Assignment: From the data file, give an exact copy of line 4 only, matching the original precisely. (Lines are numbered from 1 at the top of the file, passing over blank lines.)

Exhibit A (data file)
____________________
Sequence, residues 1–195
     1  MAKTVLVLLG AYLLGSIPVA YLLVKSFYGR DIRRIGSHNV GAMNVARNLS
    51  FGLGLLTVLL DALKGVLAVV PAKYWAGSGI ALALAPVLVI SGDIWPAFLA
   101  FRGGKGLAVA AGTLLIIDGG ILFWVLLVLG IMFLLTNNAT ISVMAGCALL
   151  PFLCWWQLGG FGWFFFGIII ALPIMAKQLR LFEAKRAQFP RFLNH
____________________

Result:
   101  FRGGKGLAVA AGTLLIIDGG ILFWVLLVLG IMFLLTNNAT ISVMAGCALL